Your teen may also find our friendships workbook helpful, which is inside our article about school friendship issues.
Three: Get Them Outside (By Whatever Means Necessary!)
Why Does Time Outdoors Benefit Children’s Mental Health?
Research shows that time outdoors is highly beneficial for the mental health of children. It encourages healthier responses to stress. For example, one study showed that young women walking through a forest for fifteen minutes reported lower scores for depression and anxiety. University students in a forest walking program indicated a significant decrease in depression.
Outdoor time helps counterbalance time spent sat still on social media or gaming. Research shows that too much time sitting has negative consequences for mental health (and of course physical health). Furthermore, not walking for one hour per day is considered to be a major risk factor for health. Healthy children balance indoor time with outdoor time and sedentary activity with physical activity.
How Can I Increase My Child’s Time Outdoors?
Create a new habit of getting outdoors as a family.
- Go for an evening walk together.
- Have a barbecue. Older children can get involved in the planning and cooking.
- Spend an evening chatting under the stars with blankets, if you have a garden.
- Try a new family outdoor activity, such as geocaching (highly recommended!).
You’ll find the sights, sounds, and smells of the outdoors extremely soothing and you will notice an increased connection family members. Time outdoors is also thought to improve sleep.
Negotiate a system for regular outdoor time to create a new habit. For example, every morning your child could go outside for 10 minutes after breakfast and kick a football around. Or you could set a new rule that your child needs to spend 30 minutes outside first if they want to go on an electronic device. Experiment with new things until you find activities that your family resonates with!
You could also encourage your child to try a new hobby that involves outdoor time, such as nature photography. As the article says though, the fastest way to get your kids outside is to go outside yourself. This will benefit your well-being too.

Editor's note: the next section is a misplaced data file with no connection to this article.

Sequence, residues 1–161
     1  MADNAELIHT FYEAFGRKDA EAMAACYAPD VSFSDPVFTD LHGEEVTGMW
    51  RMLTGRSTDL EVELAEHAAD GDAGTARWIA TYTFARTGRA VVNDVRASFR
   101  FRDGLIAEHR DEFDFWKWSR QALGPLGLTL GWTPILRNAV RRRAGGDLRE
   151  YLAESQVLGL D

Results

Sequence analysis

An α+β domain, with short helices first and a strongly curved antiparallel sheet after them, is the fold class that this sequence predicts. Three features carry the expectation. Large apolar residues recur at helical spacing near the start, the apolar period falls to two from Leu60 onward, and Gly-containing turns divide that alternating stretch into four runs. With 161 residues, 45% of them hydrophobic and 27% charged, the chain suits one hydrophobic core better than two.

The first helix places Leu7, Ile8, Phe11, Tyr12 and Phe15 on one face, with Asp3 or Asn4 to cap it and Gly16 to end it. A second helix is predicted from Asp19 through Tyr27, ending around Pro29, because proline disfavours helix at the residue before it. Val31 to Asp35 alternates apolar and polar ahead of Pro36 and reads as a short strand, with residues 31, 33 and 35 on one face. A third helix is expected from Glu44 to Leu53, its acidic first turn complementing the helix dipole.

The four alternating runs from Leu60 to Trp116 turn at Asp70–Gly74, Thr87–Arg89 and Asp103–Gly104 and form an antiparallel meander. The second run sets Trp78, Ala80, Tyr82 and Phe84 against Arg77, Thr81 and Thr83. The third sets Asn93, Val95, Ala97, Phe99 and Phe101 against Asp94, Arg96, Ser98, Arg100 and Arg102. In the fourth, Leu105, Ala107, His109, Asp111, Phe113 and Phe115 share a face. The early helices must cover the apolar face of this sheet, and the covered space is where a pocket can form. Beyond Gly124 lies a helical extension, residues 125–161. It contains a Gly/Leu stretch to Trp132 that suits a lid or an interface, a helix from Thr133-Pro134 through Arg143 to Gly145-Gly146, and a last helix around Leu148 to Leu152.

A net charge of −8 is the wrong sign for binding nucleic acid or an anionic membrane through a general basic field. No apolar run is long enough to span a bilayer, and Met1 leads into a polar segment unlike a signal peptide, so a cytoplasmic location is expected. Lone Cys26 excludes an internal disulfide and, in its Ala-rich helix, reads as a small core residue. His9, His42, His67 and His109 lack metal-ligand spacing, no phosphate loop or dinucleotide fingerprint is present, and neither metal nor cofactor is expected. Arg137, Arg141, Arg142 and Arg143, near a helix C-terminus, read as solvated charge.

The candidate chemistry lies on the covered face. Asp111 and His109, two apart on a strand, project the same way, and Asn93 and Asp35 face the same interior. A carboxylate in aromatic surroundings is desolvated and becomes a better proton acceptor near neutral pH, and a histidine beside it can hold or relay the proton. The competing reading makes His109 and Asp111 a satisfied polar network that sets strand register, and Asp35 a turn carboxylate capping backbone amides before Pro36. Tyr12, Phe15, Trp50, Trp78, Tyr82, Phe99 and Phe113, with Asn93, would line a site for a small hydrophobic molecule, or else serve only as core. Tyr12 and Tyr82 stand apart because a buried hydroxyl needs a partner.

How to Support Your Child’s Mental Health With 3 Quick Wins: Summary
It’s never too early to teach children the importance of mental health and in particular, healthy lifestyle strategies as art of their daily routine.
For optimum well-being, children need the basic building blocks of a healthy lifestyle. The three strategies above pack a powerful punch and I highly recommend that you get going on these as soon as possible. Start with just one of the three ideas, so you stay focused.
When and How to Get Further Help
Lifestyle changes like those suggested above are just one powerful factor contributing to positive emotional health in children. Even with these changes, your child’s mental health may need additional support.
If your child’s mental health difficulties are severe or have a significant impact on daily life, you may need professional help from support services. There are various routes to getting professional support and this depends on both your situation and where you live. Here are some routes to try.
- Contact your health care provider. Your family doctor or health insurance provider will be aware of local mental health providers and can make a referral to a child therapist for a treatment such as cognitive behavioral therapy.
- Speak to your child’s school. The school nurse or school counselor may be able to provide support for your child’s mental health issues. There may also be support groups or nurture groups on offer at school.
- If you are a UK parent you can join Everlief Parent Club: an online membership hub offering live workshops on child mental health challenges and parenting, Q&A sessions and a private community. The Parent Club is also a great option if you are looking for guided support from a mental health professional while your child is on a waiting list for therapy.
Further Reading About Child Mental Health
Dr Lucy Russell is a UK clinical psychologist who works with children and families. Her work involves both therapeutic support and autism assessments. She is the Clinical Director of Everlief Child Psychology, and also worked in the National Health Service for many years.
In 2019 Lucy launched They Are The Future, a support website for parents of school-aged children. Through TATF Lucy is passionate about giving practical, manageable strategies to parents and children who may otherwise struggle to find the support they need.
Lucy is a mum to two teenage children. She lives in Buckinghamshire with her husband, children, rescue dog and three rescue cats. She enjoys caravanning and outdoor living, singing and musical theatre.
To learn more tips for helping your child manage stress, join my Facebook group, Parent Tips For Positive Child Mental health UK.